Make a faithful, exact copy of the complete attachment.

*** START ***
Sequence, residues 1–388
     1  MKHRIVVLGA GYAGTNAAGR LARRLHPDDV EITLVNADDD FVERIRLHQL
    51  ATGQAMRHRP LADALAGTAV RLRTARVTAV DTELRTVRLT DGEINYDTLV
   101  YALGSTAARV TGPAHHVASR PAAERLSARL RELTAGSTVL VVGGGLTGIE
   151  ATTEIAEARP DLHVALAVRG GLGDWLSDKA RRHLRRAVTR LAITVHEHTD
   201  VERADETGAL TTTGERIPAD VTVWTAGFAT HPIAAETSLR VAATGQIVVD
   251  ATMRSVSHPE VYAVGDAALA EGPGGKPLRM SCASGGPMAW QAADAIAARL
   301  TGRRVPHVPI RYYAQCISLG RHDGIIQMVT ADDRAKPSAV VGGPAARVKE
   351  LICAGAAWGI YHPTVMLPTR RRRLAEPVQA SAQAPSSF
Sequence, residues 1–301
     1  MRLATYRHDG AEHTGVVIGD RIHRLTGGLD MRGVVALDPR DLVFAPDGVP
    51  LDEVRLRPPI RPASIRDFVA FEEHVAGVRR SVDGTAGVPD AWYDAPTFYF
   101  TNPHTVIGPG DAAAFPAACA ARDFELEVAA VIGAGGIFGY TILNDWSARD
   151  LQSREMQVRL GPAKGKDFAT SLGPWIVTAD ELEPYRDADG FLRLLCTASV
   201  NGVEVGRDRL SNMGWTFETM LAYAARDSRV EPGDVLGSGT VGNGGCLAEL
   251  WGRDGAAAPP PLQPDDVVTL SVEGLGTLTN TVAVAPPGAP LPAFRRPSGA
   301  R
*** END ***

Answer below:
Sequence, residues 1–388
     1  MKHRIVVLGA GYAGTNAAGR LARRLHPDDV EITLVNADDD FVERIRLHQL
    51  ATGQAMRHRP LADALAGTAV RLRTARVTAV DTELRTVRLT DGEINYDTLV
   101  YALGSTAARV TGPAHHVASR PAAERLSARL RELTAGSTVL VVGGGLTGIE
   151  ATTEIAEARP DLHVALAVRG GLGDWLSDKA RRHLRRAVTR LAITVHEHTD
   201  VERADETGAL TTTGERIPAD VTVWTAGFAT HPIAAETSLR VAATGQIVVD
   251  ATMRSVSHPE VYAVGDAALA EGPGGKPLRM SCASGGPMAW QAADAIAARL
   301  TGRRVPHVPI RYYAQCISLG RHDGIIQMVT ADDRAKPSAV VGGPAARVKE
   351  LICAGAAWGI YHPTVMLPTR RRRLAEPVQA SAQAPSSF
Sequence, residues 1–301
     1  MRLATYRHDG AEHTGVVIGD RIHRLTGGLD MRGVVALDPR DLVFAPDGVP
    51  LDEVRLRPPI RPASIRDFVA FEEHVAGVRR SVDGTAGVPD AWYDAPTFYF
   101  TNPHTVIGPG DAAAFPAACA ARDFELEVAA VIGAGGIFGY TILNDWSARD
   151  LQSREMQVRL GPAKGKDFAT SLGPWIVTAD ELEPYRDADG FLRLLCTASV
   201  NGVEVGRDRL SNMGWTFETM LAYAARDSRV EPGDVLGSGT VGNGGCLAEL
   251  WGRDGAAAPP PLQPDDVVTL SVEGLGTLTN TVAVAPPGAP LPAFRRPSGA
   301  R